The Long-Term Unemployment Problem

I’m a believing in more fiscal stimulus. And I’m a believer in more monetary stimulus. I believe that by doing more of both we can substantially reduce the unemployment rate. And I’d like to tell you that by doing enough of both, we can bring the unemployment rate all the way down to pre-crisis levels without sparking problems. But unfortunately, I don’t think that’s the case. Our failure to start adequately stimulating back in the second half of 2008 (remember back then you heard people say there was no need for stimulus because the policy lags would be too long!) has led to the creation of an enormous backlog of long-term unemployed people who, history teaches, are going to be very hard to get back into the labor market through any kind of ordinary economic process.

Indeed, we’re currently seeing the highest level of long-term unemployment since the statistic started being measured. And as Annie Lowrey writes, congress doesn’t seem very interested in thinking about this:


The number of long-term unemployed persons poses a serious policy problem now, though one Congress seems to have answered: It will not extend unemployment benefits any longer than 99 weeks in some states, but will likely continue funding extended unemployment benefits as stimulus. But the issue will also pose a serious policy problem in the future: What will Congress do if, five years from now, with the recovery well underway, there remain millions of people who simply cannot find work? Job retraining programs and hiring incentives present one partial solution, but if Congress continues to tighten the nation’s fiscal belt, such expensive programs might not be politically feasible.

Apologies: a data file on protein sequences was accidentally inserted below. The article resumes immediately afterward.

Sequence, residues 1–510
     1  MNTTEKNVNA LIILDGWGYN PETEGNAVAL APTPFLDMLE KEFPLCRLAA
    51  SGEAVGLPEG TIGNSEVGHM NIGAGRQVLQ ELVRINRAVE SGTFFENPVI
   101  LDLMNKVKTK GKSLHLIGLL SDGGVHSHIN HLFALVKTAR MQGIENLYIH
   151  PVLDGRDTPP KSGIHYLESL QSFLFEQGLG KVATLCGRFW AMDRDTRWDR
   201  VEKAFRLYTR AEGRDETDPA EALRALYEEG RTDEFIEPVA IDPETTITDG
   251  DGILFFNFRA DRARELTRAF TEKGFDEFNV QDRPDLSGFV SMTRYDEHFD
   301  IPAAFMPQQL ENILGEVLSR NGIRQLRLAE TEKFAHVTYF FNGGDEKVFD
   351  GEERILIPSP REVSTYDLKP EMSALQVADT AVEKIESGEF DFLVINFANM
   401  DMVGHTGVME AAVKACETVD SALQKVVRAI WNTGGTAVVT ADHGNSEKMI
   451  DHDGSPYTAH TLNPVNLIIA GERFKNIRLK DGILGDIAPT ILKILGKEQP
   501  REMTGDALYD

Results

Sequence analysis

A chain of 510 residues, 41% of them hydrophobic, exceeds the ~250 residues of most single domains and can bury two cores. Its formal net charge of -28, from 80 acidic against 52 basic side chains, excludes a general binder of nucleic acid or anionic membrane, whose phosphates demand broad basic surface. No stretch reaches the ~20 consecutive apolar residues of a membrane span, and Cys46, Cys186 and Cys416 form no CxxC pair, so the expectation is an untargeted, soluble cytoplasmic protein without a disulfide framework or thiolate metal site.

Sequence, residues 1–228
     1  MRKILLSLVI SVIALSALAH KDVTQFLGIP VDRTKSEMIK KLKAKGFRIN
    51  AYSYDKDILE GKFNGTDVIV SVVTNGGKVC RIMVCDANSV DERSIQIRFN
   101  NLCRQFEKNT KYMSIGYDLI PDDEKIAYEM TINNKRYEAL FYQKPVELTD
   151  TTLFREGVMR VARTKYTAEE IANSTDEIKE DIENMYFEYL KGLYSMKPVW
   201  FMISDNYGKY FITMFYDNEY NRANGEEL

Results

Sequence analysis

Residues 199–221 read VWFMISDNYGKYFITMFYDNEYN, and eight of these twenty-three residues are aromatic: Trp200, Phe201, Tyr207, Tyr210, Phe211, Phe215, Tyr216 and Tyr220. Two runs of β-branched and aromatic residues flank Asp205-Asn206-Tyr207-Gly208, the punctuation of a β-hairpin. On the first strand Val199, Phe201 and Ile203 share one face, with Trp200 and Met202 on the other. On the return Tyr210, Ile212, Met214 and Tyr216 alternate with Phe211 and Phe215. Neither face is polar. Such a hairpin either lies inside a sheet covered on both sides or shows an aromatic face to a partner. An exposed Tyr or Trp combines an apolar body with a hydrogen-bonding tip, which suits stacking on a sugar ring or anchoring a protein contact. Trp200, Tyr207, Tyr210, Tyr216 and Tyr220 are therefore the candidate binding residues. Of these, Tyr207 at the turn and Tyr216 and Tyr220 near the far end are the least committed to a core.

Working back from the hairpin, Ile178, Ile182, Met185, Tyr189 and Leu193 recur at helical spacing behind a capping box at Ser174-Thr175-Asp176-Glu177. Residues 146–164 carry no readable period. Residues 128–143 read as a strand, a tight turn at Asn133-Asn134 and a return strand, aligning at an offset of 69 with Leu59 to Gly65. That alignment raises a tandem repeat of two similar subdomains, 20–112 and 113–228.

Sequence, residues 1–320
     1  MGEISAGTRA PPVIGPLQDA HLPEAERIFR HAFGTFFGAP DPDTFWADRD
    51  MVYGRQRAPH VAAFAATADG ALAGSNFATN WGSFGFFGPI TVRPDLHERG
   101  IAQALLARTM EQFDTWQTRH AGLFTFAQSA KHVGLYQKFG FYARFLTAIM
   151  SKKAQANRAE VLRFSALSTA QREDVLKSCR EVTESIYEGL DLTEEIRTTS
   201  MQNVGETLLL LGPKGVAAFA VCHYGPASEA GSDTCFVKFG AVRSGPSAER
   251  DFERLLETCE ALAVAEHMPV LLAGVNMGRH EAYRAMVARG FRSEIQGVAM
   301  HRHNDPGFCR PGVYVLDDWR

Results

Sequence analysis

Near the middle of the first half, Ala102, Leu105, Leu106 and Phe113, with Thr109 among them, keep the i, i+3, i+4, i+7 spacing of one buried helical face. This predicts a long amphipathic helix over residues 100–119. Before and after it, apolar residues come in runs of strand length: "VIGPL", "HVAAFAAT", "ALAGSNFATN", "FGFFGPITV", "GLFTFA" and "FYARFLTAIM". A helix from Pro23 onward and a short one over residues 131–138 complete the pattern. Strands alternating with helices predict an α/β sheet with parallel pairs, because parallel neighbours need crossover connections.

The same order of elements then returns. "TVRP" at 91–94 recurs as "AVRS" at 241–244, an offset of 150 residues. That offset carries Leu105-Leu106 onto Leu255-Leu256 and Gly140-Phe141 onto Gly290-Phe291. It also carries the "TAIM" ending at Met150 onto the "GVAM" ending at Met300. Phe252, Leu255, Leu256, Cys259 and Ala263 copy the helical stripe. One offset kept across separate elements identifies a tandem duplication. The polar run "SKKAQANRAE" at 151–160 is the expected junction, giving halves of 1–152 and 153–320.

Endlessly extending unemployment insurance benefits isn’t my favorite policy remedy in the world, and I sympathize with reluctance to push benefit eligibility past 99 weeks. But you have to do something for these people. It’s really hard to find a job right now, especially if you’ve been out of work for two years. The situation clearly calls for some kind of targeted program, not just washing our hands and pretending that with unemployment at around 10 percent people can just go out and get work with ease.